July 11, 2016

Enough Fireworks, Already

From shoulder to floor, he stands a little less than two feet tall. He is small, cuddly and a bit insecure. He is our fur-baby, Charley.

Charley is no fan of fireworks, so Fourth of July weekend was traumatic for him, as it always is. I do what I can to ease the anxiety from periodically checking on him during our backyard cookouts, to letting him use our basement as a bunker, to closing all windows and doors, to just holding him when he naps.

Because I'm THAT person.
The weeks following official fireworks are somewhat easier on the poor little guy, but not completely. Neighborhood kids and adults occasionally let off bottle rockets, firecrackers and fireworks that briefly light up the night sky.

Charley tattles on the pyrotechnic amateurs with a strange, guttural growl and a quick bark. I then repeat the shuttering, closing and holding until peace reigns again.

Lately my fur-baby, however, actually meanders into the very rooms where I've left windows open. It's as if he's waiting for the pops and crackles whose sounds are larger than his tiny body. He gets upset just the same and I lead him away from the noise and back into the quiet.

We repeat the drill over and over. Silly precious little dog.

I mean, WHY? Why go into a room where it is loud, menacing and more than you can handle?

The past week taught me that I can be a lot like Charley.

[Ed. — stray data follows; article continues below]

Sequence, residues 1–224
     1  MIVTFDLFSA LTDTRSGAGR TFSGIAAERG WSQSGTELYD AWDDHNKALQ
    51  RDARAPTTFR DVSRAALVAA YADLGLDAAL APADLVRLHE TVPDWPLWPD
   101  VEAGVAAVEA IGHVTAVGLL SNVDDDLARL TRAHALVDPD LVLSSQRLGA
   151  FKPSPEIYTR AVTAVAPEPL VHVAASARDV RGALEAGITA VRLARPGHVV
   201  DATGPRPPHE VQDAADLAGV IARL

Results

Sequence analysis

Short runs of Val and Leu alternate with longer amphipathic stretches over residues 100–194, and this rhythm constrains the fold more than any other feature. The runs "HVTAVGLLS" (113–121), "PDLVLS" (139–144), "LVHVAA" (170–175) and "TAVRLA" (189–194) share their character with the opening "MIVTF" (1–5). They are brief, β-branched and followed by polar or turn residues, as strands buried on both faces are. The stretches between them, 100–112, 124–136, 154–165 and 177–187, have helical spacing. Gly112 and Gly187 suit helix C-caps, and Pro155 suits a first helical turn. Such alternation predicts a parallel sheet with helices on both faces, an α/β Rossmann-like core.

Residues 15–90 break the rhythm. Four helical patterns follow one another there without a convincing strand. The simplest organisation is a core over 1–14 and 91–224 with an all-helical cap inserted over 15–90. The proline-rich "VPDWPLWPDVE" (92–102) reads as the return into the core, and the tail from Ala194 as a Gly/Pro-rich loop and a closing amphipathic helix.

As much as social media has an outpouring of support for #BlackLivesMatter and the latest victims of public executions, it also harbors counter-sentiments, justifications and outright bigotry.

These sentiments cross my timeline every now and then, and each time I read them, I leave deflated and sometimes disappointed in these thoughts lurking in the minds and hearts of some people within my social media circles.

And I guess those same people are probably disappointed in me too.

Either way, I've decided I'm smarter than my Charley. Until I'm stronger in heart and mind, I'm making a conscious effort to stay out spaces that drain and deplete; and, to live in blissful ignorance of -- well, the blissful, willful ignorance of people.

If you're feeling like I'm feeling, I encourage you to hop over to my friend Alexandra's blog and read her piece Because We Need to do Better. Her piece isn't about hand-wringing, it's about taking steps forward and problem-solving. It's really good: READ IT.

Charley's right about one thing though: sometimes the fireworks are just too much.


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